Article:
Hundreds of gun enthusiasts from all over came to Knoxville this weekend for the gun show at the Knoxville Expo Center.
They shared their opinions after several major retailers like Walmart & Dick's Sporting Goods chose to stop selling guns to people under the age of 21.
This was in response to the deadly shooting at a high school in Florida. Several gun shops in Knoxville said they will not raise their age requirements.
Right now, 18 year olds can legally buy firearms.
Gun expo show owner Rex Kehrli said this year's strong turn out to the show is in part because people are afraid their gun rights will be taken away.
His vendors sold guns this weekend to people ages 18 and up.
"I think if you're old enough and you're above 18 and you're a man or a woman who can go over and defend your country, I think that you absolutely ought to be able to have all the rights of any adult citizen in the United States," Kehrli said.
The expo's main clientele are hunters, sportsmen and gun collectors.
Kehrli said conversation on gun change doesn't stop people from buying firearms, and that 18 should be the age they can purchase guns.
That was echoed by another long time gun shop owner John Arnold.
"If they change the age to 21, they should change the age to be a police officer, to be in the military, to sign a legal contract," Arnold said.
The feeling is different among a younger generation of students, who say the effects of the Parkland school shooting are much more personal to them-- Students like 17-year-old Zoe Brookshire-Wrisley.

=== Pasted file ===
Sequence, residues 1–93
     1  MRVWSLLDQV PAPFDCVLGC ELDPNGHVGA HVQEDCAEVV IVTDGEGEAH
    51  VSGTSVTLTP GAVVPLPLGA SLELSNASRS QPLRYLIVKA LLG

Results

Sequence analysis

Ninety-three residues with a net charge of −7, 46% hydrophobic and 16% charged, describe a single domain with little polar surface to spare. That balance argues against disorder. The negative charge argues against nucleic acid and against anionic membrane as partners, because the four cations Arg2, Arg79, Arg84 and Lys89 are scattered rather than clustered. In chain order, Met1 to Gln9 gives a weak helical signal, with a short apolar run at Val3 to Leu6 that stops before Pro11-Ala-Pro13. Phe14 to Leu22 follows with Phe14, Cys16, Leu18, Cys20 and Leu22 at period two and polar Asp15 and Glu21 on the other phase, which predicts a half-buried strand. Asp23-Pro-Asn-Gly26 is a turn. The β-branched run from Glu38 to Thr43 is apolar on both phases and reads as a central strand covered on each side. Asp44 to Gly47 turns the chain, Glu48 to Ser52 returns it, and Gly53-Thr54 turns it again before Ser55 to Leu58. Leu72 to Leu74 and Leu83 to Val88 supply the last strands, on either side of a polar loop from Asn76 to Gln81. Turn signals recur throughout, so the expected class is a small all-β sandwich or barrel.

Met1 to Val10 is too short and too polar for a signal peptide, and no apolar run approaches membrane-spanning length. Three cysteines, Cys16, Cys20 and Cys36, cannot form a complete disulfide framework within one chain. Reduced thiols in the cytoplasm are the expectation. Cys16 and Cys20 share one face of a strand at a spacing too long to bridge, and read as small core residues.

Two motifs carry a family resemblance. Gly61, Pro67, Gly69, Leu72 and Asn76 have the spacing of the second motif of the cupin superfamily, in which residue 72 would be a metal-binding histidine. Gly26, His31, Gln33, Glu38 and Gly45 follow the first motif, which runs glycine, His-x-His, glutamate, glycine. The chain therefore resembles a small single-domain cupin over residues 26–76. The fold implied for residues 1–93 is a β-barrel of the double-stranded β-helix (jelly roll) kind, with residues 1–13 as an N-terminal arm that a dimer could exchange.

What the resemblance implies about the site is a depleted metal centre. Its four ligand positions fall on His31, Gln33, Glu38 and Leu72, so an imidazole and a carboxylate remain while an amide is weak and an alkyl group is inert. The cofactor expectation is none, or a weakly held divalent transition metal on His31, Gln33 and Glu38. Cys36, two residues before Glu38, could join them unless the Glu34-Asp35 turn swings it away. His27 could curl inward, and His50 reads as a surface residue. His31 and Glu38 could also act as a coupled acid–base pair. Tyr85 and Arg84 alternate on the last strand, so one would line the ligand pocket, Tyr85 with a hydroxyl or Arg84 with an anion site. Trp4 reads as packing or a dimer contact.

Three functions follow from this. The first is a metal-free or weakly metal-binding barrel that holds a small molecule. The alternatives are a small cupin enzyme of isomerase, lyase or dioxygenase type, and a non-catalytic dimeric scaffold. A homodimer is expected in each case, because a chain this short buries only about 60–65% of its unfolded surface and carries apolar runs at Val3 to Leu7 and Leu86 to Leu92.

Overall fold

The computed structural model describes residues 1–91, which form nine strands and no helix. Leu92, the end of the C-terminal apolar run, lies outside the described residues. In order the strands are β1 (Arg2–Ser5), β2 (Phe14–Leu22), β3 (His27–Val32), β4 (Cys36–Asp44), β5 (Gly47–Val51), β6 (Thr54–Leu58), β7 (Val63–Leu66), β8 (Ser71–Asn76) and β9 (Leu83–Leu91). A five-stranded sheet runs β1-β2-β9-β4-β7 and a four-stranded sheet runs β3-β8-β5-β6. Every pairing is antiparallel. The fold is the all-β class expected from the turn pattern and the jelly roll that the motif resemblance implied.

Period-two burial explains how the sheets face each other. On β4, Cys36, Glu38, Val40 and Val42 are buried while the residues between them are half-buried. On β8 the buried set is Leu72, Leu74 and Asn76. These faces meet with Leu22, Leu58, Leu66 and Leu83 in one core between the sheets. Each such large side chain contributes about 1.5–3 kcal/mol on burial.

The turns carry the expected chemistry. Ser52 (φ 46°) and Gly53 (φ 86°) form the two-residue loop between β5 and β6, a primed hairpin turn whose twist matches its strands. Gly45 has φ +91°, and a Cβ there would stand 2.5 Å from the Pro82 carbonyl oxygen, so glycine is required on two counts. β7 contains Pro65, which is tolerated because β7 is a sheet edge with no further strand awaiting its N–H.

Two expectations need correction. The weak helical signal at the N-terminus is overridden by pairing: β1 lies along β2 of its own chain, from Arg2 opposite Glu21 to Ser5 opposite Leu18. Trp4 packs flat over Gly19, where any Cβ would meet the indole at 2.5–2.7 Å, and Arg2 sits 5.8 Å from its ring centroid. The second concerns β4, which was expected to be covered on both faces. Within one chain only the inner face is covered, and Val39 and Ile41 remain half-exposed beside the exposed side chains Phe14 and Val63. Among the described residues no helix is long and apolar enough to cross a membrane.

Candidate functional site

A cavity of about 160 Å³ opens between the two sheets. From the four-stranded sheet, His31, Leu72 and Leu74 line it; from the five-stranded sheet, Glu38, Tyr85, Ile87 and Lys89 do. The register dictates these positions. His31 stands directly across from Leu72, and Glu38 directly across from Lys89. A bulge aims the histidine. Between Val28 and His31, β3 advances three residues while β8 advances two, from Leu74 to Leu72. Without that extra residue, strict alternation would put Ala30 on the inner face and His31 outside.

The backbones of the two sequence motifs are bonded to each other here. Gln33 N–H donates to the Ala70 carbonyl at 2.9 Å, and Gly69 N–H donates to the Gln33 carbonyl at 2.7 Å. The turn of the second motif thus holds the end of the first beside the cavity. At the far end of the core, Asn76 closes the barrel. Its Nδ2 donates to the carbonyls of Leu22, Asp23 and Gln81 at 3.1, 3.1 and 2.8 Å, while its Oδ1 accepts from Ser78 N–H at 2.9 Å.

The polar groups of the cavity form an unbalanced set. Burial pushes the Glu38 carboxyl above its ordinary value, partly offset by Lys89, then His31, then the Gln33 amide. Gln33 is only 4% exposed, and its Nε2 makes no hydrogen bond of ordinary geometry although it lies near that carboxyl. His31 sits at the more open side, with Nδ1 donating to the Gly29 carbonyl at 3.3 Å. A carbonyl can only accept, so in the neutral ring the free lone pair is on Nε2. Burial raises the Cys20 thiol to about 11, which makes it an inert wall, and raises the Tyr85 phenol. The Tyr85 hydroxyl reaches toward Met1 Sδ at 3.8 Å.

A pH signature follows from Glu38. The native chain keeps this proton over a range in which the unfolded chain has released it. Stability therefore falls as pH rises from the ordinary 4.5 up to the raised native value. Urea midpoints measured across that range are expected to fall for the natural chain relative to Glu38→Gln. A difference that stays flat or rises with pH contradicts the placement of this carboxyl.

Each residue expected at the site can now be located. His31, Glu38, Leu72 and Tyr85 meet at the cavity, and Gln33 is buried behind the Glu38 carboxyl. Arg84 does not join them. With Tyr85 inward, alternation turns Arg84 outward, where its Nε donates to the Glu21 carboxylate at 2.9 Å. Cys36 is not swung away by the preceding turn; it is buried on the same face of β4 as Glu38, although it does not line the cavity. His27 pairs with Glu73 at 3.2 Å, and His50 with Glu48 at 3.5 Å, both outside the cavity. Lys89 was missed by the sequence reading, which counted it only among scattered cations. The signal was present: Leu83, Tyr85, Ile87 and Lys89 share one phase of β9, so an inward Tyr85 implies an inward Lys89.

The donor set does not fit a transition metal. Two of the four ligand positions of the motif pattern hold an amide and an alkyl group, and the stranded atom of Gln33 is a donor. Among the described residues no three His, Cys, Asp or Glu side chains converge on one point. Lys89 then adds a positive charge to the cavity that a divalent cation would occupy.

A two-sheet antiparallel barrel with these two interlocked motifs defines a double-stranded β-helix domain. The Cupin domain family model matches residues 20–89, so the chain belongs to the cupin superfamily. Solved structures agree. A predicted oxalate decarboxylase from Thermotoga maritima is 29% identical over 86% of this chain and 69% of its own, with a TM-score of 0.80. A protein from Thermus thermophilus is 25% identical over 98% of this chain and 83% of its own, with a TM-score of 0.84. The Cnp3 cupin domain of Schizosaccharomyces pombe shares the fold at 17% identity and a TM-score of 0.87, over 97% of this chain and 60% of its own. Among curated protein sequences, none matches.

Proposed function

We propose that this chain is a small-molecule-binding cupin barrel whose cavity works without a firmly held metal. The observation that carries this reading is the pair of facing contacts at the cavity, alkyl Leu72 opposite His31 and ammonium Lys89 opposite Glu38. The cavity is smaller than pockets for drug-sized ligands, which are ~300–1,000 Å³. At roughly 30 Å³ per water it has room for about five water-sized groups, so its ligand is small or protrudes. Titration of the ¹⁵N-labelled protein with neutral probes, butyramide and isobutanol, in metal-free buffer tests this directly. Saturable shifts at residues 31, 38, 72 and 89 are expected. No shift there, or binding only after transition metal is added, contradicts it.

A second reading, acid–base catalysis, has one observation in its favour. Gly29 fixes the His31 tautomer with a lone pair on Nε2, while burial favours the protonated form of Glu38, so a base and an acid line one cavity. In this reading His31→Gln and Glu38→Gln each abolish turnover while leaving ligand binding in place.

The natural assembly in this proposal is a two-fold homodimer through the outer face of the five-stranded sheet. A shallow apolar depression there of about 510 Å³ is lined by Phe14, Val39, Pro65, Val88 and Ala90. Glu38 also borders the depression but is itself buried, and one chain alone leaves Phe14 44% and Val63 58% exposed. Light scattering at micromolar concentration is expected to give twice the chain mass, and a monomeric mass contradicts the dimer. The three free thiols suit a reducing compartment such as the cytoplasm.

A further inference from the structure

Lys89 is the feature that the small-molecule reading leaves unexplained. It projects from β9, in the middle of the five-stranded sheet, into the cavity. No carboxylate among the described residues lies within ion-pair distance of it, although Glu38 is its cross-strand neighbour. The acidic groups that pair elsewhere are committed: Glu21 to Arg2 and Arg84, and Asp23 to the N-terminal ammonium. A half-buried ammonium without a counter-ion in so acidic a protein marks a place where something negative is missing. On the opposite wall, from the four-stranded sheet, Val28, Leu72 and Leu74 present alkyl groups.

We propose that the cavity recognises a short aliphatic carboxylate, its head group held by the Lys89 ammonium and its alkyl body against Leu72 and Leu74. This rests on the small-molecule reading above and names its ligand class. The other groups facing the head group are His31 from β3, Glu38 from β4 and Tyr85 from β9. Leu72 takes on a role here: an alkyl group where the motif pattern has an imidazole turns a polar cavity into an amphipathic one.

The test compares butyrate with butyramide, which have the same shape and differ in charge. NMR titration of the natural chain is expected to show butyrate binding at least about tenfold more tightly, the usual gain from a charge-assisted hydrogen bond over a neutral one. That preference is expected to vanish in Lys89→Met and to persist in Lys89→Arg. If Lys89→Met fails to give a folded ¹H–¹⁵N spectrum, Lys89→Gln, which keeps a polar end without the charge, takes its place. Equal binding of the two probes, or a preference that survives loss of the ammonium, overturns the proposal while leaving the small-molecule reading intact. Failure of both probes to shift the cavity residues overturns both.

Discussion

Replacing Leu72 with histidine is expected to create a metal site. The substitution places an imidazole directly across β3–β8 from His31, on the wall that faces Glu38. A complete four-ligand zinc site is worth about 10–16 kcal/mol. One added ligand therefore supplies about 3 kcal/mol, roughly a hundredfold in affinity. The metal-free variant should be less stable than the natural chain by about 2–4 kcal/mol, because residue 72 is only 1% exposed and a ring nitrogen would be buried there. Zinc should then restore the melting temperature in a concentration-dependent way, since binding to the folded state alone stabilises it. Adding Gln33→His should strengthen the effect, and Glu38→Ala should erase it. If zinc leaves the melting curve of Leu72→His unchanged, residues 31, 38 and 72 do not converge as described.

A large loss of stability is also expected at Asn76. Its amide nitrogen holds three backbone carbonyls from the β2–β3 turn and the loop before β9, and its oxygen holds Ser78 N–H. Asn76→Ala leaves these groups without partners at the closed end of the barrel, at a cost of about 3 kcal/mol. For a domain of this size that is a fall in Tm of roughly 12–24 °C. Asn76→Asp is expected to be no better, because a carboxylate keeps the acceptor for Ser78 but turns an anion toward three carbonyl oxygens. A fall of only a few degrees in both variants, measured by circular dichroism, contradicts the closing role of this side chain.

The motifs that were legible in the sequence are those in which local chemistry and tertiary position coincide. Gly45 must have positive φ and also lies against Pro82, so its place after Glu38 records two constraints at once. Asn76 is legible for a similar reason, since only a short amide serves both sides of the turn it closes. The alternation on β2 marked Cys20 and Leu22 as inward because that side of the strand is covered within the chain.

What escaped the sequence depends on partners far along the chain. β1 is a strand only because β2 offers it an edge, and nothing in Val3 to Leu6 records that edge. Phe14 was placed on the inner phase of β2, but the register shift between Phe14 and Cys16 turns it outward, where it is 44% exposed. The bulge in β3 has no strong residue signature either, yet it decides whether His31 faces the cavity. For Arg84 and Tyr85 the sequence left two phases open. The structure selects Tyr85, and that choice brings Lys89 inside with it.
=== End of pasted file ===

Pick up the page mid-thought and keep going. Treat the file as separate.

"When I was 7 a man walked into my church and killed two people with a shot gun," she said.
Brookshire-Wrisley survived the Tennessee Valley Unitarian Universalist Church shooting in Knoxville 10 years ago.
"I realize, and the people who stand with me realize, we're not going to get rid of guns in America. It's nor reasonable."
She does believe changing the legal age for purchasing guns from 18 to 21 is a big step.
"There's a lot of people that've said three years isn't that big of a difference, and I feel like that's a very valid point," Brookshire-Wrisley said. "But a lot of what this is doing is showing that these people care about who they're selling guns to."
While Kehrli doesn't agree with the age change decision, both he and Brookshire-Wrisley know this conversation is long from over.
"A good dialogue, everyone settles down and has a rational discussion, I think that'll be very welcome," Kehrli said. "We're all Americans, and we're all in this together, so let's solve it together."